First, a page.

With Colin Firth nominated for an Oscar tonight, I’m reminded that I’ve been meaning to write something about one of my favourite films of his – Girl With a Pearl Earring, directed by Peter Webber. I’ve actually watched it twice since starting this blog, but failed each time to write a full review, and now my memories have faded slightly again. So this will just be a short posting about a couple of the main points which struck me, and an excuse to post pictures .
For me this is one of the most breathtaking historical dramas to watch, with the colour, lighting, costumes and Eduardo Serra’s cinematography working together to create the atmosphere of the 17th-century Dutch paintings by artists like Vermeer perfectly. I have read and liked Tracy Chevalier’s novel, but this is one where the adaptation appeals to me and sticks in my memory more than the book. I first saw it at the cinema – since then I’ve seen it on TV and the effects still work very well, but it was best on the big screen.
Scarlett Johansson is excellent as the heroine, Griet, forced to go and work in the painter’s household when her family falls on hard times. I thought the scenes of her doing housework and shopping for household provisions, meat, fish, etc, are so beautifully filmed that they make all these tasks seem almost like works of art to put alongside Vermeer’s paintings. This at times means the film skates over the real drudgery involved in all these domestic tasks – but it balances this out by showing how Griet’s whole life is taken up by her work and how difficult it is to find any time for herself at all. She is drawn by Vermeer’s art and yearns to learn its mysteries, but all she can attain is to learn to mix his paints – and even that is something which causes jealousies and turmoil within a household built on hierarchy.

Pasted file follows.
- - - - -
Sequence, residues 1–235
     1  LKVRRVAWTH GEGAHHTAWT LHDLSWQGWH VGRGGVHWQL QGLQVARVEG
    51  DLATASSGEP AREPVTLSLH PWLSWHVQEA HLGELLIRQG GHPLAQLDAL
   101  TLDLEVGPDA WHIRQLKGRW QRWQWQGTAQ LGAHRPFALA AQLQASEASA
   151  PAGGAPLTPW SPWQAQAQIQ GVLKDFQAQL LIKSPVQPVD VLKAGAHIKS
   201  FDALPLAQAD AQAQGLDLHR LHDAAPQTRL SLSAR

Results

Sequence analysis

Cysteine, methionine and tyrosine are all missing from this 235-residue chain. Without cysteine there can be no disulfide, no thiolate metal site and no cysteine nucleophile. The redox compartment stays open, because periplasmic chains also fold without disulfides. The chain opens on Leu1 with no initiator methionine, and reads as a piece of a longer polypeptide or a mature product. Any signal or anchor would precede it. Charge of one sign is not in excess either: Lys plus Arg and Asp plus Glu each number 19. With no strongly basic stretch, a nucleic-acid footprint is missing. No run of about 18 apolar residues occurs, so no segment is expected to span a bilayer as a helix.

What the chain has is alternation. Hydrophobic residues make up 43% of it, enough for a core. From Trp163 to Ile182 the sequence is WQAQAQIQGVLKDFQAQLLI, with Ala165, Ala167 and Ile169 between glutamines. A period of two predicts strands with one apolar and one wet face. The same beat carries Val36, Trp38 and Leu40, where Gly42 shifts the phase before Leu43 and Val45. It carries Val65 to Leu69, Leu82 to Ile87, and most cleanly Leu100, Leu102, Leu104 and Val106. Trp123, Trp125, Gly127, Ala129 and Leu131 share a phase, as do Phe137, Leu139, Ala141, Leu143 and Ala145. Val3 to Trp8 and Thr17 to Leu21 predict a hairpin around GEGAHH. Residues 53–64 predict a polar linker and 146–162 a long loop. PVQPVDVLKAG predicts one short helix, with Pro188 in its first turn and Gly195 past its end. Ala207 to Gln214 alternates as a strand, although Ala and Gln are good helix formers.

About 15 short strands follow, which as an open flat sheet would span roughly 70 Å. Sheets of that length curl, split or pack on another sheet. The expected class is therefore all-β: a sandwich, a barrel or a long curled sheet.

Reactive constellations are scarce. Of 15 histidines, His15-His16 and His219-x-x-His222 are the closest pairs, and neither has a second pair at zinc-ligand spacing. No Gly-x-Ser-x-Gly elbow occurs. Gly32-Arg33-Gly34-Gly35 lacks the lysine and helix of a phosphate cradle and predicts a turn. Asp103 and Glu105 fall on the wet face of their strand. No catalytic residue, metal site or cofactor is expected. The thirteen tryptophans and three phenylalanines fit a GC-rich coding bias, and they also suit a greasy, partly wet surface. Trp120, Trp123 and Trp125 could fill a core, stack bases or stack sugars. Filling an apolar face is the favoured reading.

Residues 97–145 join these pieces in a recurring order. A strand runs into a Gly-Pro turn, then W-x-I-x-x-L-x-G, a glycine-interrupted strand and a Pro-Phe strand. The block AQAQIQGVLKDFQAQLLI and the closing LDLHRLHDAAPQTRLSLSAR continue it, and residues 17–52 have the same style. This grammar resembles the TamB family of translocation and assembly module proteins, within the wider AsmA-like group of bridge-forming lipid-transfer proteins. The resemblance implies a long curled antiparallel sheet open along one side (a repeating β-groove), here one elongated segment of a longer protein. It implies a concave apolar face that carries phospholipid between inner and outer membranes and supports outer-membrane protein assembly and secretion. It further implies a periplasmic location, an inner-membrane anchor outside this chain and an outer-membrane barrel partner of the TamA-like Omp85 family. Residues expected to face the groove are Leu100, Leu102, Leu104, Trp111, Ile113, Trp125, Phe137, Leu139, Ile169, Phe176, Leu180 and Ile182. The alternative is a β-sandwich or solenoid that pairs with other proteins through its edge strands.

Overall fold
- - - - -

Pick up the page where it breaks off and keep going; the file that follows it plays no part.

Although Vermeer and Griet are in the same house, there is an unbridgeable gap between them. Both actors do a great deal with their eyes, expressing how each of them longs not only for each other (although sexual tension is there, a feeling that in another world and at another time they could have been together) but also for what they believe the other one has. Griet can only dream of having the freedom to work as an artist, while, ironically, Vermeer feels hemmed in by all the edifice of domesticity he has to support with his paintings, and sees her as more untrammeled. Firth is always great at saying more with his expression than he can in words, and he certainly does that as Vermeer, while Johansson also expresses the silent battles Griet is waging with herself.
The whole film is suffused with yearning – not only the yearning of Griet and Vermeer for one another, but also Vermeer’s wife, Catharina (Essie Davis), ground down by her life with a new baby each year, longing to enter her husband’s separate world and understand him – and also longing for him to see her and paint her as he sees and paints the maid, Griet.
I also think Judy Parfitt is excellent as mother-in-law Maria, standing behind her daughter all the time, and Cillian Murphy is perfectly cast as young butcher Pieter, who woos Griet on her visits to the market. But Tom Wilkinson’s character, lecherous rich patron Van Ruijven, seems a bit caricatured and less subtly-drawn – or painted – than the other characters.